Other minds from the period made an equally compelling case, however. One of them that I have come across was by Leslie Howlett, the former head of the applied physics division at the National Research Council. In a May 1966 issue of Chemistry in Canada, the author pointed out that taxpayers had every right to choose where their money was going in terms of science research. The only way to properly conduct scientific research, then, was to have a centralized science policy. Further, Howlett suggested that a small country such as Canada had to expect limitations. While “the scientist has the right to all possible freedom in his creative effort,” he added that “society too has very definitely the right, and even the responsibility, to enquire, before giving financial support, as to the purpose and aim of research and its likely profit to society as against the same money spent in other ways.”

The points that both thinkers raised ought to fascinate the follower of Canadian politics and those interested in bettering the environment, the country’s society, and the economy as a whole. On one hand we must be vigilant not to spend too much on huge projects that may go array, but on the other hand we must support our scientists in their efforts to expand research and hopefully attain the ultimate benefits for society’s progression. It is finding the necessary balance and to what extent the government of the day is trying to achieve this point, which has triggered my interest in starting a new blog.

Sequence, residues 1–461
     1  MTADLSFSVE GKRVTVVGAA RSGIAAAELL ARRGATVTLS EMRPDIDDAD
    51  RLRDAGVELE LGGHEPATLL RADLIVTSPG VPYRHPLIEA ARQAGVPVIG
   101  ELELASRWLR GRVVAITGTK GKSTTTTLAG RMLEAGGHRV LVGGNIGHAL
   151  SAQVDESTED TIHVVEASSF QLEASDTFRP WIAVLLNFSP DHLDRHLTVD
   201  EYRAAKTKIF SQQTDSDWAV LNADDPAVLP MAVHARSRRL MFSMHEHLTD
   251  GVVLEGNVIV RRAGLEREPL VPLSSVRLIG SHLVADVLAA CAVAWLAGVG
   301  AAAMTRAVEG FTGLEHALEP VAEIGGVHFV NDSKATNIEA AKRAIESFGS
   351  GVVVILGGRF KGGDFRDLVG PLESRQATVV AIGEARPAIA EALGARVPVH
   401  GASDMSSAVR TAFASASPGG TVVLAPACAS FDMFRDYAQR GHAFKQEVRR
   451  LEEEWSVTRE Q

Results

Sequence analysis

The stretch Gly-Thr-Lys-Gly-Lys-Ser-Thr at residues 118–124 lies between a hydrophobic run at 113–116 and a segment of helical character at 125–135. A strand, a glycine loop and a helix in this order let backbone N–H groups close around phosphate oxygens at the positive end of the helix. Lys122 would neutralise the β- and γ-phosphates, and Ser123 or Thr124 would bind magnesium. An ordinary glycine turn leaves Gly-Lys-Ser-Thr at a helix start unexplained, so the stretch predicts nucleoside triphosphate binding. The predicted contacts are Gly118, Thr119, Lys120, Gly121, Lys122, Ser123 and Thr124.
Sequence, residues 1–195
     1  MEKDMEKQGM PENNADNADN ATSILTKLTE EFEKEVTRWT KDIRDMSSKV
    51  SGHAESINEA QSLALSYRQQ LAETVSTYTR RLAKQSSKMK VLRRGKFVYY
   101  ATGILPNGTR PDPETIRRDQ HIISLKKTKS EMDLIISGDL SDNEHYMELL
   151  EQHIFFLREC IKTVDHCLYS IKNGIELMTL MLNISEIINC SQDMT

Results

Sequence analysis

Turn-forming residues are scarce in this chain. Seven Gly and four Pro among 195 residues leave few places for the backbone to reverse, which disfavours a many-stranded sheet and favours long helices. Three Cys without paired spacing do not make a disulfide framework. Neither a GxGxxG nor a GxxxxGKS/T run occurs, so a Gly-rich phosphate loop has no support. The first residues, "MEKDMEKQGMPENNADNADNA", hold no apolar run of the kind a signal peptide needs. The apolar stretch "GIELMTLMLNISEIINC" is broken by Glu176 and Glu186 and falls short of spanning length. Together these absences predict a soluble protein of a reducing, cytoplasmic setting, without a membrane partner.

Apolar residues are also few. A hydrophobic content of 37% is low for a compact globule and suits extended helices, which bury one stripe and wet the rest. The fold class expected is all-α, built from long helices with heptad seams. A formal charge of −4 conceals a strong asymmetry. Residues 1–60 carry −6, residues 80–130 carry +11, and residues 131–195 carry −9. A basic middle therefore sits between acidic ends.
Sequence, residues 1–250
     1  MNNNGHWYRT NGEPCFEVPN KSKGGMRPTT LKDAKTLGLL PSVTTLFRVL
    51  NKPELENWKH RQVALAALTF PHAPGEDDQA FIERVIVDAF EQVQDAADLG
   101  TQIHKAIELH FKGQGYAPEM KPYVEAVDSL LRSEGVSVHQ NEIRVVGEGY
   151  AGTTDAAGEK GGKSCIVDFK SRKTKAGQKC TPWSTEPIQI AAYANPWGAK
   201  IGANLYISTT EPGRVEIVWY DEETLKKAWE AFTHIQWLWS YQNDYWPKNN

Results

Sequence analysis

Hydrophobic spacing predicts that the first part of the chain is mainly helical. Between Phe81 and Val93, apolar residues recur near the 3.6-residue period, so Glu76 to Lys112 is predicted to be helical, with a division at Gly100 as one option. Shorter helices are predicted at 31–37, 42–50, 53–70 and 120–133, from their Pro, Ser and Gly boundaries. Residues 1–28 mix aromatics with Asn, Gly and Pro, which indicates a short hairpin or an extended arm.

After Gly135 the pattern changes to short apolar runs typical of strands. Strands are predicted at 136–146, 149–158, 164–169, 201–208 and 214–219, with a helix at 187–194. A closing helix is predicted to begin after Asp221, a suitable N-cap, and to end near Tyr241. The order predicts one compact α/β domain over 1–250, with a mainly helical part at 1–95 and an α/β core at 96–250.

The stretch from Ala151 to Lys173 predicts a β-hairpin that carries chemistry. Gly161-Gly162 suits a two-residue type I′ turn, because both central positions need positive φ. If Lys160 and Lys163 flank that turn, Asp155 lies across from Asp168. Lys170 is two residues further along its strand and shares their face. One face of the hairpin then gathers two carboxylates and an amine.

I hope in the following weeks to gather ideas from progressive public figures on how the government can meet these challenges and where we might do better. Hopefully a context can be built through my work which will allow readers to see the need for Canada to uphold its heritage as an Innovation Nation.

Pictured above is a 1971 promotional brochure from the John Arnold Canada Science and Technology Museum Collection. Gerhard Herzberg became a prominent member in the CSTM’s Canadian Science and Engineering Hall of Fame for his work in molecular spectroscopy.

Herzberg’s speech can be found in “Science and Society” (Regina: University of Saskatchewan, 1973).

The debate surrounding the science policy views of Howlett and Herzberg can be found in the A.A. Dunn Fonds, Volume 1, Museum of Science and Technology, 1965-1966, File 2, “Chemistry in Canada” (May 1966).

My letter to the Globe and Mail

Dear Editor,
This piece by Michael Ignatieff was exceptional and a shining example of how we as a Canadian electorate let slip through our fingers a public figure who has the ability to boldly articulate social problems as they really are. I might only add two other examples that stood out for me and which probably complement Mr. Ignatieff’s main assertion. The first has to do with the harm to our civil rights in Canada. Notwithstanding the disgusting deportation of Maher Arar to Syria, the subsequent RCMP raid of Ottawa Citizen reporter Juliet O’Neill’s residence in 2004 stood as a shocking example of what happens when our sovereign (as seen through its agreement in the Charter) does not represent the people’s interest. In a similar instance, in 2010 at the G8/G20 conference, we witnessed the worst of the police state when the Toronto Police Force blatantly beat down its own people in the streets and were followed by our leading public officials responding as if no civil rights abuses took place. The second has to do with the rise of the neo-conservative movement and the ultimate oxymoron of having a government not wanting to really fully govern. This speaks most particularly to the right’s tendency to ignore science, which we see with regards to climate change, continued asbestos exports, the silencing of scientists, and even the belief in creation over evolution.